Air’s depiction of Michael Jordan’s origin story with Nike hits a mark for anyone who dares to take a risk

MANILA, PHILIPPINES — The phenomenon of Michael Jordan is something that has changed many things in the world. Beyond his skill and competitiveness on a basketball court, Jordan is credited with crossing over from the sports world into popular culture, creating the blueprint that every professional athlete since has been seeking to replicate. 

For basketball junkies, the story of Nike signing Jordan to his first contract has long been a revered tale that was too good to be true. Thus, when director Ben Affleck and his best friend and co-Oscar winner Matt Damon decided to make a film around that story, anticipation was high on whether or not they could do it justice. Air does exactly that and more.   

In 1984, Nike is a struggling brand. Far from being a global force, it is lagging behind Converse and founder Phil Knight (played by Affleck) is more known for his eccentricities and purple sports car than for being a success.   


As the company aches to craft its own identity, Nike executive Sonny Vaccaro (Damon) has a unique idea. Create a whole marketing campaign around an unproven collegiate player who has not even played a single professional NBA game. His colleagues Rob Strasser (Jason Bateman) and Howard White (Chris Tucker) think Sonny is crazy to even consider it. Someone who listens to the beat of his own drum, Knight needs to be convinced that the gamble is worth it. 

Vaccaro sets his sights not on a junior coming out of the University of North Carolina, 21-year-old Michael Jordan. Despite Jordan stating his preference to sign with adidas and not wanting to meet with Vaccaro or anyone at Nike, Sonny insists he needs to meet the young man. He even does the unthinkable: go directly to the Jordan home in North Carolina. 

If Sonny can just talk to Michael’s mother Deloris (Viola Davis), he knows he can close the deal with the kid. Michael’s agent, David Falk (Chris Messina) explicitly warns Vaccaro not to go around him, but when the latter does, it results in Deloris insisting that Michael listen to what Nike has to say. What follows is the most legendary courtship of an athlete by a brand, and the resulting partnership has resulted in success that nobody could have dreamed of.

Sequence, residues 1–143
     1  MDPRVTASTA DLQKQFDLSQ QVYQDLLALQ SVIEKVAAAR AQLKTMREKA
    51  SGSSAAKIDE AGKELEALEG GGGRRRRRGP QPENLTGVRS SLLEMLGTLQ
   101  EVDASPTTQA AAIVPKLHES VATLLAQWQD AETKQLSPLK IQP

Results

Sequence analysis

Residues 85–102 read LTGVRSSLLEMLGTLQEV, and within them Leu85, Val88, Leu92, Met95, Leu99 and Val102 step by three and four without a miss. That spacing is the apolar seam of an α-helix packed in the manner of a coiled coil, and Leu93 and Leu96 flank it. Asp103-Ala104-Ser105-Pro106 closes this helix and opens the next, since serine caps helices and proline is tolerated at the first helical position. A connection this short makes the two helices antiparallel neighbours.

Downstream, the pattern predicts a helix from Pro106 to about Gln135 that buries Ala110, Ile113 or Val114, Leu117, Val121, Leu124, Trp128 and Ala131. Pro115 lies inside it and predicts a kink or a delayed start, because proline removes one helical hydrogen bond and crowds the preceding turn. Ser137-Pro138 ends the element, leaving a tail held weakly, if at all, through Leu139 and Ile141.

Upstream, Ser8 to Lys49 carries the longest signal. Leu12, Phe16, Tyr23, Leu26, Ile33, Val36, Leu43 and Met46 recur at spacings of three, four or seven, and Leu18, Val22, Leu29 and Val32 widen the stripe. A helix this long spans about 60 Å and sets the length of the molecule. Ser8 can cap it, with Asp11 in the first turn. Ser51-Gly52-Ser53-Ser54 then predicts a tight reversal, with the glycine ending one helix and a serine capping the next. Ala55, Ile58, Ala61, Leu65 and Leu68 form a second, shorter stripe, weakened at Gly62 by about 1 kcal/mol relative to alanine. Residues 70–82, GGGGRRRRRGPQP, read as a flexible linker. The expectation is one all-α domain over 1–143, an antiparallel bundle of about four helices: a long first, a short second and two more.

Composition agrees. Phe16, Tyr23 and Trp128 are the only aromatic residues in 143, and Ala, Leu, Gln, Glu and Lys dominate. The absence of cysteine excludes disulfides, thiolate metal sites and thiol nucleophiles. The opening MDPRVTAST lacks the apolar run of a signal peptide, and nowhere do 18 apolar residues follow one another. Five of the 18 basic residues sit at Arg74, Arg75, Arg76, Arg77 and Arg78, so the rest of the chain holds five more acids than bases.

Even if you aren’t a basketball aficionado or know next to nothing about Michael Jordan, the story of Air will still provide enough entertainment to keep you engaged. The script from Alex Convery and the performances by Damon, Affleck, Davis, and the rest of the ensemble are too good to ignore.  

From the opening montage that grounds the film right in the mid-’80s to the amazing all-’80s soundtrack, Air brings the audience directly to a time when Nike had not yet found the magic that would make it a near-ubiquitous entity today. Seeing Knight and Nike at this point in time actually reinforces the notion that Knight had to go against what the then-giants of the shoe industry were doing in order to carve their own path. 

Damon as Vaccaro captures the reckless and fearless attitude that resulted in failed marriages and relationships that made him gamble too much in Las Vegas. It also embodied the huge gamble that all of them would have to take on the then-unproven Jordan.   

The personality clashes Sonny had with Knight and Falk proved to be especially explosive as each man was protective of his respective territory while wary that the other was encroaching and taking something from them.  

To say that Tucker, Messina, and Davis stole every scene they were in seems ridiculous, but they were that good in this film. The combination of excellent script, real events captured, and top actors performing make for an enjoyable experience with practically every scene forcing the audience to pay attention to the action.   

While Air is the story of how Nike would end up securing Jordan, the man himself is kept mostly in the background. The filmmakers have explained that Jordan’s presence is so huge that casting anyone in the role would have caused all eyes to gravitate toward that character, taking all the attention with him.   

What Affleck as director does is make Jordan almost like a wraith or shadow, never fully seen or facing the camera. Focus is instead placed on other people with him such as his parents or Vaccaro, Knight, and the designer of the first Air Jordan, Peter Moore (Matthew Maher). In no way does it diminish the film, and it lets the story and the performances shine in Jordan’s place. 

You don’t have to be a basketball fan nor even familiar with Michael Jordan to enjoy Air. This story of taking huge risks, believing in something that can’t be measured, going against the grain, and (surprisingly) just listening to your parents’ advice, will resonate with anyone who has ever dreamed on a grand scale.   

Air is now streaming on Amazon Prime. 

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